Things that get me out of bed…

Two days ago, the post below was what I was thinking.  Tonight, I’m remembering telephones with dials and cords, attached to a wall, no mobility in sight – specifically, the one I had when I was a teenager – a light blue Princess phone with my own number – and long nights listening to The Doors, hoping for a better tomorrow.  

Tomorrow did, indeed, get better.  Then, worse, then better, worse, better, worse, better, worse, and on and on.  Tomorrow will be better than Thanksgiving last year.  I am thankful for all the people I’ve loved and lost, for all the time they spent with me exploring the universe and the internalverse, and for all the people I love and hold tight here on The Planet now – for they spend time with me exploring not only who and what we are, but what we hope to become.  

Happy Thanksgiving to the U.S. of A’ers, and happy tomorrow to everyone, everywhere.  May you become what you hope.

******************** 

Often, more often than I’d like to acknowledge, people ask me “what gets you out of bed?” and I got out of bed today to tell you.  Only this:  I still have stuff to do, and people who care.

That’s it.  That’s my secret.  No longer a secret, huh?  I’m not that complex, that my response would be something so very mystical, that it should seem a mystery.  My life’s mysteries are far more complex than my everyday life.  

I care about people and things, issues and concerns, problems and solutions, yachetmy-schmachety.  I care.  Simple.  On the day I don’t care, I will cease to exist.  Because that…caring…is the other thing that gets me out of bed.  

I care that I exercise my brain to find solutions/answers to life’s examinations of what’s so, and what’s not.  Do I always find solutions and answers?  Ha.  I wish.  I keep looking, I keep doing my unending research, I keep listening to people who seek me out, and we ponder together.  Twelve heads are better than one.  And millions could end starvation.

My day was filled with tension, the kind that ejected me from my office at 8:00 pm after too many questions and not enough answers, to find my car still parked on the asphalt – my old faithful vehicle from our days in San Diego.  There she sat in the parking lot, dark blue and all-cold metal.  Once I released myself to the driver’s seat, switched on the engine, heard the music from a local radio station, and backed up into the empty aisle, I said what I often do:  “Hey, Buddy, I miss you.”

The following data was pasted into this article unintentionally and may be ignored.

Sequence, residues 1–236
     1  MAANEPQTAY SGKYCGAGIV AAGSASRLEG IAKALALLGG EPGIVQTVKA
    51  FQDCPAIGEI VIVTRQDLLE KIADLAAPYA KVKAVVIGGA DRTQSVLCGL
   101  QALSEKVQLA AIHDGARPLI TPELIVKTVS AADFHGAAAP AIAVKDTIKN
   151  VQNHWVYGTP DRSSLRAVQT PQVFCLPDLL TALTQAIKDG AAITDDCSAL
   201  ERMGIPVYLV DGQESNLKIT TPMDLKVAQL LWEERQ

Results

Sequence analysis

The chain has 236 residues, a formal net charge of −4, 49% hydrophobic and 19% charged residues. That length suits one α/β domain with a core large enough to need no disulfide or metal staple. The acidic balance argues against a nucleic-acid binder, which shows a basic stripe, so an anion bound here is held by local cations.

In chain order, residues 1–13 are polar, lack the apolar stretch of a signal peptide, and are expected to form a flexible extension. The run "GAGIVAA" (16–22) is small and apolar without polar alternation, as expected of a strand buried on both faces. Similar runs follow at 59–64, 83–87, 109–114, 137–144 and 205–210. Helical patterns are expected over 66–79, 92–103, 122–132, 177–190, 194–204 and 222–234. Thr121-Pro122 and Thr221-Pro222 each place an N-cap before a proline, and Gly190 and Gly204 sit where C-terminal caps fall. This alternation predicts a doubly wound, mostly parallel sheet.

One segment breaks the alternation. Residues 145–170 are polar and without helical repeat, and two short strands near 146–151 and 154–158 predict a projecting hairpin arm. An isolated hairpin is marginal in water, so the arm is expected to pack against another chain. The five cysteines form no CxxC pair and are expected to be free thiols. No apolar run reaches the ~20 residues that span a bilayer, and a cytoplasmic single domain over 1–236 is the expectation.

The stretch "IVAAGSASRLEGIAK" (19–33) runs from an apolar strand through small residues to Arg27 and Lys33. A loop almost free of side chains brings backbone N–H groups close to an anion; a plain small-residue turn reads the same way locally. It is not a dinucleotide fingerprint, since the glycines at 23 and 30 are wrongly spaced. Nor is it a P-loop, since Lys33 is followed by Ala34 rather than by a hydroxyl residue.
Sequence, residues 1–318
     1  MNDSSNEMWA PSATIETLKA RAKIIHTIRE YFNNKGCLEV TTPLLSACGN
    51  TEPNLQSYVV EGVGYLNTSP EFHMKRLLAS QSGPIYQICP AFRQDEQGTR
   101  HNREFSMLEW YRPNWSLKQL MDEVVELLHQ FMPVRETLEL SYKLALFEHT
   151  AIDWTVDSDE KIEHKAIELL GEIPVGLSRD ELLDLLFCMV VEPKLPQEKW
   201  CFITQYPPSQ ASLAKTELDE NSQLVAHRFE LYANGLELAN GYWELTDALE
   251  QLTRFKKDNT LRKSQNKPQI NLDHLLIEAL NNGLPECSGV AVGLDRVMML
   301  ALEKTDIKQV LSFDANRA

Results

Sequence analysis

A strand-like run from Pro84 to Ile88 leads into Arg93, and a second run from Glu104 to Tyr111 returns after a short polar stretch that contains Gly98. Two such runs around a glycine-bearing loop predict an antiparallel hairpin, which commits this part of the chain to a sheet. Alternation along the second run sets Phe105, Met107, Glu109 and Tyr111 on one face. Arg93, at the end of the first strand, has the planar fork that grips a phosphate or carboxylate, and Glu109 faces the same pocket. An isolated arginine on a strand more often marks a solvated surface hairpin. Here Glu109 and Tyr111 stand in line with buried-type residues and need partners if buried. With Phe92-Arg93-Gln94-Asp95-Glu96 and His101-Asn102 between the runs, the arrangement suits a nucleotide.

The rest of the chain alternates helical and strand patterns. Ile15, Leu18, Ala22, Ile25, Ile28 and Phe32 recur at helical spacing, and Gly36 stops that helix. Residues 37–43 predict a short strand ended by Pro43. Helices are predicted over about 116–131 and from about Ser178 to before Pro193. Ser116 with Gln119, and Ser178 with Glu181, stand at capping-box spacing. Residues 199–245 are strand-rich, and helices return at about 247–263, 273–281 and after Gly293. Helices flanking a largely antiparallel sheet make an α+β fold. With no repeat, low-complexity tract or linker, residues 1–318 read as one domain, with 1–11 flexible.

As usual, I cruised toward Highway 116, and turned right toward home.  My thoughts tonight turned to “what’s next for technology” and I was baffled at my attention in the after-hours to something that drives almost everything on which I lay my hands.  Technology.  Huh.

This question, “what’s next for technology?” is not foreign, just not typical of my first thoughts outside the confines of my office.  So, there was a part of me that was disturbed, and a part of me that was hopeful.  What is next for technology?

This question shoved me right into this thought of thankfulness and wonder: Owen, you were the first person in our family who had a full-scale keyboard on your cell phone.  I laughed and I cried, remembering him reclined on our couch, texting into the night, remembering him pondering whether an iPod was something worth owning, given that he could listen to music any time on the computer or a CD player, and when he wasn’t home, he was usually working, getting there, or visiting with friends.  It’s a valid contemplation.  What do we NEED, that technology can provide?  If I had that answer, hmmm…

Yesterday, Michael (Nat’s and Owen’s father) came to our house to watch over Ruby for the day (her school is taking the whole week off).  I was just leaving for work when he arrived.  I waved him over to the car, where I was picking out the CD that would accompany me.  He drew back the side of his jacket, displaying a cell phone and holder.  I was laughing before the window receded completely.  I said, “I don’t believe it.  What happened?”  He said, “Sometimes you just have to join the crowd.”

Nat does not carry a cell phone, and I worry when I don’t hear from him, don’t know where he is.  He’s a bit of a Luddite.  Good for him, hard for me.  He’s 26, and I may always worry about him.  Watching him leave the house, no matter what the mission, is an exercise in patience, in faith.  I occasionally think about getting an iPhone for myself and giving him my nearly new AT&T 3G thingy with more stuff on it than I care to learn.  But, hey, I’d like to have my calendar, photos, and emails with me when my laptop isn’t (rare, though that is).  I don’t think he would carry it with him, though.  He’s not a consumer.  He’s obviously my kid…so I worry.

Things that get me out of bed…

Song for the night:  The Ghost Song, the Doors

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~ by Linda on November 26, 2008.

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